A multiple platform-based social media strategy may sound intimidating, but there are already brands honing the new practice into a craft. Social media marketers have accepted both that brands can't rely on only social media platform and can't be on each one all the time. We've collected a list of brands doing multi-platform social media marketing well, for those interested in spreading their reach to more platforms and bigger audiences.
Seamless: Strong Brand Visual Identity
Seamless operates on all the major social media platforms — Facebook, Twitter, LinkedIn, Instagram and YouTube — and benefits from a strong, visually appealing brand identity. They demonstrate a keen understanding of their tech-savvy, socially connected, young foodie demographic. [caption id="attachment_11090" align="aligncenter" width="653"] Seemless offers appetizing photos of food set to a distinct visual brand identity.[/caption] Using a mix of casual, friendly and hip voices as well as colorful, inviting imagery, the company resonated their core value proposition across social media channels. On Twitter, they'll publish simple funny messages such as, "Consider this the sign you've been waiting for: It is time to order lunch," compelling their audience to laugh and engage with a call-to-action. On Facebook, using the same tone alongside pictures and giveaways keeps the brand cohesive and captivating.
Zendesk: B2B Can Be Exciting
Well-produced photos of food are highly sharable on social media, but that doesn't mean everyone else is left in the dust. B2B companies, — including SaaS solutions — can also generate a strong visual identity and brand presence. Consider Zendesk — a tech startup providing a customer service with its own distinct branding. Customer service can often feel stuffy. Picture 10,000 stock photos of smiling receptionists with headsets and you can feel a yawn coming. Zendesk crafts a brand presence so strong it makes fans and customers alike want join. They effectively capitalize on the visual identity of "zen" with a cartoon Buddha and diverse faces of happy customers. Their tone is comfortable, confident and inviting. [caption id="attachment_11091" align="aligncenter" width="657"] Zendesk's Facebook visual theme, with their signature smiling, headset-wearing Buddha.[/caption] One look at their Facebook photos and fans are instantly transported to an ideal company culture. If you want to work there, or are considering their platform, Zendesk's LinkedIn page brings you straight into the heart and soul of their business, including informational articles and insightful guides.
Gap: Major Brand Turnaround
Gap once suffered from a major brand identity problem. The brand was popular in the '90s; so popular it's been associated with many out of style clothing trends. However, Gap hired forward-thinking designs and overhauled their image. They altered their digital strategy to appeal directly to their audience: primarily the urban and suburban female shopper with an eye for fashion on a moderate budget. They did so by engaging in their customers' world. Social causes, community interest and political commentary — the very fabric of social media relevance — became part of their regular messaging. [caption id="attachment_11092" align="aligncenter" width="519"] Gap's "One Stitch Closer" campaign shares stories of inspiring women.[/caption] From support for LGBT Pride to partnering with social causes like Upworthy, to discussing the minimum wage, they took the Gap from a clothing store to a partner for common public interest causes on Facebook and Twitter. Sure, there are photos of attractive models, but they've created an overall dynamic, fresh brand voice that resonates.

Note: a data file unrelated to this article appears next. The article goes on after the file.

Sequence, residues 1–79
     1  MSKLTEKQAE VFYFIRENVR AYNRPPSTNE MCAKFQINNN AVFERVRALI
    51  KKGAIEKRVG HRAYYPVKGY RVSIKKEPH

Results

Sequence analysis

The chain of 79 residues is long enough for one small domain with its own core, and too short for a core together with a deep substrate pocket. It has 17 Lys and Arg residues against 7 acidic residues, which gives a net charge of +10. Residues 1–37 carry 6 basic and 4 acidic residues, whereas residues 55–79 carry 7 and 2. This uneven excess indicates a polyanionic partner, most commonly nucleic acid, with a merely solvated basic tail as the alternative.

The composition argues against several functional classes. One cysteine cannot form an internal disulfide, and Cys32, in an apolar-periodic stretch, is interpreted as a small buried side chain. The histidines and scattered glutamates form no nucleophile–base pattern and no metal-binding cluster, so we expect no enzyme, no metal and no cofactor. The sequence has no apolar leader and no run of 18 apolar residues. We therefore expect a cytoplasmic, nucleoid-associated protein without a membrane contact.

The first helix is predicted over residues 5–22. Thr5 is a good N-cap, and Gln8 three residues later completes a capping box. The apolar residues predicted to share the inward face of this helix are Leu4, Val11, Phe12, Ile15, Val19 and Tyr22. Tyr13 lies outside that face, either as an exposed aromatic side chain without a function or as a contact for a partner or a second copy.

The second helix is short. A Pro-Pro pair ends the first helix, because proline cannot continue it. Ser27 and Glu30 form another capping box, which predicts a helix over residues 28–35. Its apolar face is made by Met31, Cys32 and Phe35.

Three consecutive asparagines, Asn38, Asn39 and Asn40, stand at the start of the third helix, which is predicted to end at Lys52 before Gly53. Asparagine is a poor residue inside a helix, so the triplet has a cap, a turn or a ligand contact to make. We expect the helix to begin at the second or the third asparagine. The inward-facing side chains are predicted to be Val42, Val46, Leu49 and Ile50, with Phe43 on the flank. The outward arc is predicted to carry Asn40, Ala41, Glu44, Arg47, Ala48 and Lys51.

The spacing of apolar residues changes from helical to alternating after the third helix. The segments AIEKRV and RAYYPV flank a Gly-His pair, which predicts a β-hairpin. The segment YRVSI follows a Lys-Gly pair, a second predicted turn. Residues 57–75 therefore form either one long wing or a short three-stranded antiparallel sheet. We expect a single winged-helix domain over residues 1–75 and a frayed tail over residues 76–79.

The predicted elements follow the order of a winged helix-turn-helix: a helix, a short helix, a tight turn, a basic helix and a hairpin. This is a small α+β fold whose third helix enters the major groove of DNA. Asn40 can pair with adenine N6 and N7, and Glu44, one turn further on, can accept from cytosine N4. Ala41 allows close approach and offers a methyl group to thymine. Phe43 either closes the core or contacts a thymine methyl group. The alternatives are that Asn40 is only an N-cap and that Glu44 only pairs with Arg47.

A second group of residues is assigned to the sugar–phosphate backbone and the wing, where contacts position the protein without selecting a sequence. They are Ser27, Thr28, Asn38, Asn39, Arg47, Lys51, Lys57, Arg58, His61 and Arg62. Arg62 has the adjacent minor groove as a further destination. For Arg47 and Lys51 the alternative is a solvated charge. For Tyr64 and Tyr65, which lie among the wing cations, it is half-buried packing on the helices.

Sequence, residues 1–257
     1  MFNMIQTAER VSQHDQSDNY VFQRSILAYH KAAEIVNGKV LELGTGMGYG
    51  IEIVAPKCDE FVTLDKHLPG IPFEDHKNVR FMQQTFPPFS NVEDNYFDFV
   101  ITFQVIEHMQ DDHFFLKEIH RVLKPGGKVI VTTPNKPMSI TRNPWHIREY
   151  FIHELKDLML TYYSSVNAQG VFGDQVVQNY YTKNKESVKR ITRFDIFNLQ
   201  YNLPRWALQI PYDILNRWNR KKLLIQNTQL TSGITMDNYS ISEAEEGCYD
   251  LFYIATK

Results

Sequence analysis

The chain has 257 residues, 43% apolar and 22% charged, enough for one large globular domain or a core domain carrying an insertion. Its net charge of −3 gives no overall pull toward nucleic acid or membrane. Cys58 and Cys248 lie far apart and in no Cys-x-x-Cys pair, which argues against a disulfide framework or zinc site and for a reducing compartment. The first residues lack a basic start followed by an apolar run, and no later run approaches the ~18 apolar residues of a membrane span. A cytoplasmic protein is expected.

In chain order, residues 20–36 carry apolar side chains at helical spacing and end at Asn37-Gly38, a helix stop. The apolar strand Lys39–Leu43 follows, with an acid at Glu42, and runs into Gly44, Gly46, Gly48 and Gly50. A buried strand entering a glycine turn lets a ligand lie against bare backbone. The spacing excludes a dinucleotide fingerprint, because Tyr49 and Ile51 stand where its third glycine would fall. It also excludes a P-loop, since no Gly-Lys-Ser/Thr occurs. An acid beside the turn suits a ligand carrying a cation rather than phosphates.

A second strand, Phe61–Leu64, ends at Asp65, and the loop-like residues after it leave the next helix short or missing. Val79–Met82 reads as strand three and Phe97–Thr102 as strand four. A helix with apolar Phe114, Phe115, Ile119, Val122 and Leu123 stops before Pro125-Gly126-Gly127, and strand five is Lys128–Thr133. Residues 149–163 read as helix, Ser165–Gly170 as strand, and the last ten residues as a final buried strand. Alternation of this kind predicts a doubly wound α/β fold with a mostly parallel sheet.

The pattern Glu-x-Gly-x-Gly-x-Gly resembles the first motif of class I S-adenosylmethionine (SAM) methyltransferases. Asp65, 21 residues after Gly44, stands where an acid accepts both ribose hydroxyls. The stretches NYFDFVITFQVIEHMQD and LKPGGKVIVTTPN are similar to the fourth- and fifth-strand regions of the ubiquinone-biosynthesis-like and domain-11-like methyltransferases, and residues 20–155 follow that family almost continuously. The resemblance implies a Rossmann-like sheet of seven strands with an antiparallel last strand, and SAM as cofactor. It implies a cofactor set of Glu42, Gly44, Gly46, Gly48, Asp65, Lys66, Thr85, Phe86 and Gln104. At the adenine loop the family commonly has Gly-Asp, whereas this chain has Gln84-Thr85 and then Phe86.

Crafting a cohesive brand presence across social media platforms isn't something that can be conquered overnight. It can take months of planning, designing and redesigning to come up with a brand voice that connects to customers. However, of the three previous examples, a few basic truths are clear when it comes to social media branding done right: - Keep it honest. Behind the scenes photos, social interest and community engagement go a long way. Generic stock photos do not. - Use all types of media. Images, guides, infographics, illustrations and videos work together to tell a story. - Stay consistent. The only way people will know who you are is if you stick to the same message. Change it if it isn't working or isn't comfortable--but don't be all over the place. - Make it personal. No one likes a hard sell. Keep your messaging personal and comfortable. Let selling happens naturally. Social media marketing isn't the maze some make it out to be. The greatest challenges are to find your brand's true voice and find new ways to express its ideas and philosophy.
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